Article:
“Washing lettuce laughing” — three words you don’t expect to read on a shot list for an advertising campaign starring world-famous athlete and humanitarian David Beckham. If we weren’t careful, this concept pitched by the advertising agency could have been confused with the stock photo meme “women laughing with salad”, but we knew there could also be a tasteful way to pull it off. We just had to channel our cinematic energy together towards the concept.
Editor’s note: You can follow Joey’s work on his Instagram. Joey’s lighting and Photoshop tutorials can be viewed at LearnFromJoeyL.com. This article
Check out this incredible photo of the moon. It may look like it was captured using some ultra-advanced (and expensive) equipment, but it was actually created by astrophotography enthusiast Andrew McCarthy by capturing and combining 50,000 photos.
The Sacramento, California-based McCarthy shot the photos using two cameras: his Sony a7 II mirrorless camera and his ZWO ASI224MC (a $250 astro camera).
“The lit side of the moon was processed using 25 ’tiles’ that were stitched together in Photoshop,” the photographer tells PetaPixel. “Each ’tile’ was a stack of the best 50% of 2000 images captured with the ZWO.”
I recently wrapped up six days of personal photography in northern Finland (in “no man’s land” on the Russian border) trying to photograph the wolverine in winter.
During the long waiting sessions, I decided to keep a daily video journal of the time he spent in the hide trying to photograph this elusive and shy animal.
After uploading the videos daily to social media via a pretty good 3G connection, I’ve now compiled them into a chronological time-line that really gives some insight into what it is like to spend day after day in a hide waiting for the opportunity
Each year from summer of 1872, the owners of Glacier Point hotel started the event of Yosemite Firefall. For seven nights a week, they would spill hot embers from Glacier Point down to the valley 3000 feet below. The event ended in 1968 when the National Park Service ordered it to stop because the overwhelming number of visitors that it attracted overwhelmed the meadows, and because it was not a natural event. NPS wanted to preserve the Valley, returning it to its natural state.
In a February 1973 evening, photographer Galen Rowell saw the setting sun lights Horsetail Fall against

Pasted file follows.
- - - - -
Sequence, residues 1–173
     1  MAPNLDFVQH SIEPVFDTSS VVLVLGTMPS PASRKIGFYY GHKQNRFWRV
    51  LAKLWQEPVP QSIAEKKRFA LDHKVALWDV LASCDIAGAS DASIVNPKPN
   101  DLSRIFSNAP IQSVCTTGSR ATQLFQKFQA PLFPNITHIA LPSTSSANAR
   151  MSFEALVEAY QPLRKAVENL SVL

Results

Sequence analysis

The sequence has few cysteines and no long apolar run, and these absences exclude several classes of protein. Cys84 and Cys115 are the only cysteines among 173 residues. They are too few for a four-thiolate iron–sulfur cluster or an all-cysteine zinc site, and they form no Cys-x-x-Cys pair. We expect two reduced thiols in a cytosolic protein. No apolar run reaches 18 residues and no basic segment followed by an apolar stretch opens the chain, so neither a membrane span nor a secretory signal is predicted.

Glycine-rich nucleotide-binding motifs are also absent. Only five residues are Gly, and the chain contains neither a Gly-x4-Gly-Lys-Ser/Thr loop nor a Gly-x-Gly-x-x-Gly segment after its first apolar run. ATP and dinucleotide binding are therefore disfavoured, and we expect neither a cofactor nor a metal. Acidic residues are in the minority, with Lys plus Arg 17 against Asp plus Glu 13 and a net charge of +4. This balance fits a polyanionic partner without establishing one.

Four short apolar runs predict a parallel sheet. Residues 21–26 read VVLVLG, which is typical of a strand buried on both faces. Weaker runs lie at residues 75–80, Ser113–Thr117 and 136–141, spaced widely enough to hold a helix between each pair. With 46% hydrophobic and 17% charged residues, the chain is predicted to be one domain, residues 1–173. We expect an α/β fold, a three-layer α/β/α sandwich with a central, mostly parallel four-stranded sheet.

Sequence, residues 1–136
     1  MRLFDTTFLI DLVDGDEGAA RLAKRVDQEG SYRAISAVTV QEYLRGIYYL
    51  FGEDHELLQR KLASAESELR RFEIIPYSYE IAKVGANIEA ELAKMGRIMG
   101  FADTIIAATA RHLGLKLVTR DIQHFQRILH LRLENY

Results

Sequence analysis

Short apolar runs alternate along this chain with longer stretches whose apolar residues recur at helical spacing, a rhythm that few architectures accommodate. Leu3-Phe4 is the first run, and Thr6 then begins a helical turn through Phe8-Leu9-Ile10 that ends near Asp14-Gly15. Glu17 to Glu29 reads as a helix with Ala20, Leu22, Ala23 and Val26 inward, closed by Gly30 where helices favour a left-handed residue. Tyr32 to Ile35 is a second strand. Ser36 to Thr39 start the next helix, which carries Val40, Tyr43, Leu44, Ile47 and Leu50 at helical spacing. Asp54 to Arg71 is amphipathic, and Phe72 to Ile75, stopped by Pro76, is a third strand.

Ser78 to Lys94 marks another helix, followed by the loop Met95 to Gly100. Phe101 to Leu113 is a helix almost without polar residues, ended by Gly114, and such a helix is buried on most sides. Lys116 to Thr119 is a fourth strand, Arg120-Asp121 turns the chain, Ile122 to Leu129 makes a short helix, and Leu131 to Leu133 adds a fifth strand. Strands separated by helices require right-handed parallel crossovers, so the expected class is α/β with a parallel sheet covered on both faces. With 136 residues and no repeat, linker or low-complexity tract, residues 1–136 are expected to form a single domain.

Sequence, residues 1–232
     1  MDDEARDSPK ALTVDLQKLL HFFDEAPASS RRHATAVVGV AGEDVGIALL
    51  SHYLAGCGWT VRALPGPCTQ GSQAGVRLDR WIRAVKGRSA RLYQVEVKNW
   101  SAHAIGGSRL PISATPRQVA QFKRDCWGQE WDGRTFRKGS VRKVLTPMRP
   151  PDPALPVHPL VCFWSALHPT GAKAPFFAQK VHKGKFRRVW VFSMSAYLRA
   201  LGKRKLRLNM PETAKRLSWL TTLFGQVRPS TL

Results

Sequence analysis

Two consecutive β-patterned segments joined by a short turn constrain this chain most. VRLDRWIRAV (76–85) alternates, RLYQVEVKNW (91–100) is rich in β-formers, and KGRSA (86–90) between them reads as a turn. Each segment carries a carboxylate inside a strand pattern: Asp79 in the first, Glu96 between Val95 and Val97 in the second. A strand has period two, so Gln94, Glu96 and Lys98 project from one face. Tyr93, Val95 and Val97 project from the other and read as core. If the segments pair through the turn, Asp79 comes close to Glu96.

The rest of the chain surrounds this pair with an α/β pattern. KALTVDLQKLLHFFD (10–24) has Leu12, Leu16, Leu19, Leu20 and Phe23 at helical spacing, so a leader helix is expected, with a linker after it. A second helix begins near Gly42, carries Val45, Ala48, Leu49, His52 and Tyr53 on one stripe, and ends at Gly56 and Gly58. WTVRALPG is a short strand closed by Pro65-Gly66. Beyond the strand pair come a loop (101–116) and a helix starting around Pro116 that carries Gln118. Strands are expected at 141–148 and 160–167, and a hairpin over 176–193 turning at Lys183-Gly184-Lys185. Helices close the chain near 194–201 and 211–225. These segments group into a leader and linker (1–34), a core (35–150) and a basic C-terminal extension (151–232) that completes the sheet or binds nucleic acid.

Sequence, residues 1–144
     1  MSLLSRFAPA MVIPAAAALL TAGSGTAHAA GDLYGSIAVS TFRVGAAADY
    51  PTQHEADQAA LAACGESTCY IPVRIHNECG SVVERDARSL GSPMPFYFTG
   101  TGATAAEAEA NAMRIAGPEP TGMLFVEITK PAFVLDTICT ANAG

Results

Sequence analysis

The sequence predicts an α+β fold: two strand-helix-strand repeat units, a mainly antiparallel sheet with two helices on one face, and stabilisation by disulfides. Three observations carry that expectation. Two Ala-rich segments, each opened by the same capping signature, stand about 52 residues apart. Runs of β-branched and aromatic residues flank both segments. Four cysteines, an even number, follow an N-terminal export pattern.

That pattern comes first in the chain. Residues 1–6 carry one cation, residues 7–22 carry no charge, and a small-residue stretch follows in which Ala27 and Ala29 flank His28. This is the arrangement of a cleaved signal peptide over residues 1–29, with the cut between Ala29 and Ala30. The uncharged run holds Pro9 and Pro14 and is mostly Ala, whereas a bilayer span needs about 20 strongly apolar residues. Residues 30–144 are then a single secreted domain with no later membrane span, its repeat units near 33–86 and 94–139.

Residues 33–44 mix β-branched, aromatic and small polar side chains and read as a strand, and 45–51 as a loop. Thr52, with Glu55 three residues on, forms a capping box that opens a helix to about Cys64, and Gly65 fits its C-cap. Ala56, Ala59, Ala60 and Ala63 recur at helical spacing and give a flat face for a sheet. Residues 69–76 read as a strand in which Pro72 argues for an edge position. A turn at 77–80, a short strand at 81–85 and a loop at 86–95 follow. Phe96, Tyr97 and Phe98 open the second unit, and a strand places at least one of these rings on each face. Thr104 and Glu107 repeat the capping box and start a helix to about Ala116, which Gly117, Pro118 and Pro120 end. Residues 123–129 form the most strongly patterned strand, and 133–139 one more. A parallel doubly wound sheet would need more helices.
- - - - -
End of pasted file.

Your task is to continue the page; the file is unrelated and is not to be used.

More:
Seeing spots in your photos? Your camera’s sensor might need a cleaning. If you’d like to go a do-it-yourself route and beyond a simple bulb blower, Michael The Maven made this 13-minute video walkthrough on how you can go about cleaning a mirrorless camera sensor.
Michael’s strategy is probably more involved than what most photographers do — he uses a special $18 loupe to see sensor dust more clearly, for example — but his tips and recommended tools may come in handy for some photographers who struggle with dust specks.
To use the sensor loupe, which was designed for DSLRs,
Photographer Tommy Corey spent months thru-hiking the 2,653-mile Pacific Crest Trail that spans California, Oregon, and Washington. Along the way, he photographed his fellow long-distance hikers as though they were high-fashion models. The project is called Hiker Trash Vogue, and Corey’s beautiful 7-minute video above tells the story of how it came to be.
Over the course of the hike, which usually takes 4 to 6 months to complete from start to finish, Corey photographed hundreds of hikers.
“The twist to this project? Everyone photographed hasn’t showered in days (sometimes weeks), their tans are actually dirt,” Corey says, “and
Since childhood, I have been fascinated by stories of black panthers. For me, no animal is shrouded in more mystery, no animal more elusive, and no animal more beautiful. For many years they remained the stuff of dreams and of far-fetched stories told around the campfire at night. Nobody I knew had ever seen one in the wild and I never thought that I would either. But that didn’t stop me dreaming…
Then, a couple of years ago, photos started emerging of a black leopard in India. It was a cat that had made its territory in the tourist area
Photography. It’s expensive. And who really has the money to buy all the name brand photo gear? I certainly don’t. With that said, expensive equipment does NOT make the photograph — the photographer does, which is why I am exploring various non-photography-specific gear and using it for my photography.
Let’s take seamless background paper for example. A roll of Savage 53″ x 36′ will cost you $30 at B&H. That’s not exactly cheap, especially if you’re just starting out, have a family; are a student or simply just don’t have enough funds to throw at expensive gear. Now, let’s compare
It has been said that meat consumption should decrease by 90% in the West if we want to avoid dangerous climate warming. And because all of us should be involved to achieve this goal, I of course decided to invite zombies to join in the effort of combating climate change.
Surprisingly there are many vegetables that have similarities in shape and textures to our human innards, so the first thing I did when started this project was to find proper lookalike innards with a vegan twist in them.
My sister’s kitchen was the location that we chose to do this